Jean Fritz, author of nearly 50 children’s books, most of which are fast-paced and vividly written historical and biographical works, died on May 14 at a nursing home in Sleepy Hollow, NY. She was 101 years old.
The cause was complications from pneumonia, said her son, David Fritz.
Ms. Fritz began her literary career by writing conventional fiction “picture books” for children, but turned to history when she realized that “the facts were more exciting to me than my own. stories ”.
Part of his inspiration for exploring American history came from his childhood, which was spent in China, where his parents were missionaries.
“I was American, but I didn’t feel like an American,” she told The Times in 2003. It didn’t help that a British bully at the school she attended often taunted her. about the country she barely knew.
“Every day at recess,” Ms. Fritz said in 1990, “this boy came to me and said, ‘George Washington is a stinker.’ So I had to fight. I was the only one to defend my country.
In 1958, she wrote her first historical book, “The Cabin Faced West”, based on a family story about her great-great-grandmother, who met George Washington on horseback in a remote part of western Canada. Pennsylvania and invited him to join his family. for the dinner.
Ms Fritz embarked on a series of books on the heroes of the War of Independence, followed by others on explorers, presidents and women of historic significance, including suffrage advocate Elizabeth Cady Stanton and author Harriet Beecher Stowe. His books have been illustrated by various artists, including Tomie de Paola and Margot Tomes.
Ms. Fritz carried out monumental research for her books, including visiting the places where her subjects had lived. All the dialogues in his books have been taken from the historical archives.
“At her best,” historian Elisabeth Griffith wrote in The Times in 1986, Ms. Fritz “is a skillful biographer and a gracious and entertaining writer.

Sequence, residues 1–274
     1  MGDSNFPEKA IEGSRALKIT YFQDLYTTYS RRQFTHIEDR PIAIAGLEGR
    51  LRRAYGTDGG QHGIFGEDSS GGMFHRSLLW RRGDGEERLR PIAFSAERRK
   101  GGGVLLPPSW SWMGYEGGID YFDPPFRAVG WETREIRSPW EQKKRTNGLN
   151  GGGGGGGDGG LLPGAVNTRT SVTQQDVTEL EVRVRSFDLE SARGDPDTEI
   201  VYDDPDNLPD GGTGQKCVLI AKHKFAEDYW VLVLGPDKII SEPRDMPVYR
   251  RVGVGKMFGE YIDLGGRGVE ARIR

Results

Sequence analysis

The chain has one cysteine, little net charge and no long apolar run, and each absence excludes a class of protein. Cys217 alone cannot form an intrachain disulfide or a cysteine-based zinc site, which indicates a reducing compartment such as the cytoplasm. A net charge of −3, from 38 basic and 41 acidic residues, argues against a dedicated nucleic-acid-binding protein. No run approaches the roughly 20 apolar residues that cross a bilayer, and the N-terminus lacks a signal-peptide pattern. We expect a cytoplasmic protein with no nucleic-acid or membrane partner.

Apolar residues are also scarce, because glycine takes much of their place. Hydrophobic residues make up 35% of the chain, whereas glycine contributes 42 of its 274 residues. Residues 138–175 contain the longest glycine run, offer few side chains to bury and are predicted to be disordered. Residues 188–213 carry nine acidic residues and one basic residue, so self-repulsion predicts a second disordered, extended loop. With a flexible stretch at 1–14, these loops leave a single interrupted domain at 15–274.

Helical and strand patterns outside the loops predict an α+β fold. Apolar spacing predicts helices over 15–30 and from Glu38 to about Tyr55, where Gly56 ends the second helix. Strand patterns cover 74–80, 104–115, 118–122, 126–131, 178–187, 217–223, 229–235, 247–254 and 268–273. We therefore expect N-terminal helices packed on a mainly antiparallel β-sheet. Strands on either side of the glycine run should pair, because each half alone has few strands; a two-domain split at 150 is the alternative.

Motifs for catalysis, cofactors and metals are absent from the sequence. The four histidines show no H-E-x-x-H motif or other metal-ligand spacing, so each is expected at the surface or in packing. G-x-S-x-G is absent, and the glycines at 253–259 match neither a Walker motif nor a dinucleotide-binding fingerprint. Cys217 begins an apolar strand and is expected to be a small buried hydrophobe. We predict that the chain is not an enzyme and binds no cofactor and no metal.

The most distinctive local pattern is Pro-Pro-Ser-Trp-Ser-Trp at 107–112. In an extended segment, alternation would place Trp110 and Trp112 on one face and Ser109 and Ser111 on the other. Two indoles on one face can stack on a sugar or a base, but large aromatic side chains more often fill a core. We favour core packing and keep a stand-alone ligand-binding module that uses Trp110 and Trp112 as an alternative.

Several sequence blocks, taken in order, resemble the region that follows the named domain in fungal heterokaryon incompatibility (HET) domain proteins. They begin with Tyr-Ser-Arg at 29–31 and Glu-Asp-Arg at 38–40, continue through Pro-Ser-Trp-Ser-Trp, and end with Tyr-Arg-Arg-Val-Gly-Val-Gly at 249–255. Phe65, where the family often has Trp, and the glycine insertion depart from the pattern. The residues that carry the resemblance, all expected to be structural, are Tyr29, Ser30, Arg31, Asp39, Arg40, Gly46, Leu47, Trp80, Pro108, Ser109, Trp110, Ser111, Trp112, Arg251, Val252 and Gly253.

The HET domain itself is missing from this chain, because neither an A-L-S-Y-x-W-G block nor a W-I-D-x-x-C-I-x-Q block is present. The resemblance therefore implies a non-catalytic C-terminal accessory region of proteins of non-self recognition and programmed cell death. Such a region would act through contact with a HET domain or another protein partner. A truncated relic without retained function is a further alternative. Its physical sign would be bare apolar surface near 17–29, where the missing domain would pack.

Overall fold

Most of his books were intended for children 8-10 years old or more. She delves into the heart of the story, often starting with descriptions of childhood.
“Harriet Beecher had always understood that with her sisters, she was the second best in her family,” wrote Ms. Fritz in her 1994 book on Beecher Stowe, the author of “Uncle Tom’s Cabin”.
“On June 14, 1811, when she was born, her father complained to a neighbor: ‘I wish it was a boy!’ Of course, his father was disappointed. It was Lyman Beecher, a pastor in Litchfield, Connecticut, and he collected boys. He wanted a lot of Beecher preachers in the family.
When she was young, Ms. Fritz said in an interview in 1990, she had little interest in the story.
“I kept thinking when I was a kid that there was more than what I was told, more than dates and wars,” she said. “I wanted to get to know people.
Jean Guttery was born on November 16, 1915 in Hankow, China (now Hankou). Her parents often spoke nostalgically about the United States, which Ms. Fritz did not visit until she was 12.
“My interest in writing about American history,” she later wrote, “was originally born, I think, from an unconscious desire to find roots – I felt like a girl without a country. “
She grew up primarily in West Hartford, Connecticut, and began writing stories as a girl. She graduated in 1937 from Wheaton College in Norton, Massachusetts, and then worked as a textbook researcher and studied children’s literature at Columbia University.
After her marriage in 1941, Ms. Fritz lived in San Francisco and Tacoma, Washington, and reviewed children’s books for local newspapers. In 1951, she and her family moved to Dobbs Ferry, NY, where she worked as a children’s librarian. She wrote her first children’s book in 1954.
Her husband, Michael Fritz, a laboratory director, died in 1995. Survivors include two children, David Fritz of West Milford, NJ, and Andrea Pfleger of Woodstock, NY; and two grandsons.
Ms. Fritz’s 1982 book “Homesick: My Own Story,” drawing on thoughts from her childhood, won an American Book Award for Children’s Fiction. She wrote another autobiographical volume, “Homecoming”, in 1985.
She has received numerous honors for her work, including a National Humanities Medal presented by President George W. Bush in 2003.
Among other topics, Ms. Fritz has written on the Constitution and historical figures such as Benjamin Franklin, Pocahontas, Christopher Columbus, Alexander Hamilton, George Washington’s mother, James Madison, Abraham Lincoln and Theodore Roosevelt.
“The question I get asked most often is how do I find my ideas? Ms. Fritz wrote in a personal essay. ” The answer is no. Ideas find me. A character in the story will suddenly step out of the past and demand a book. “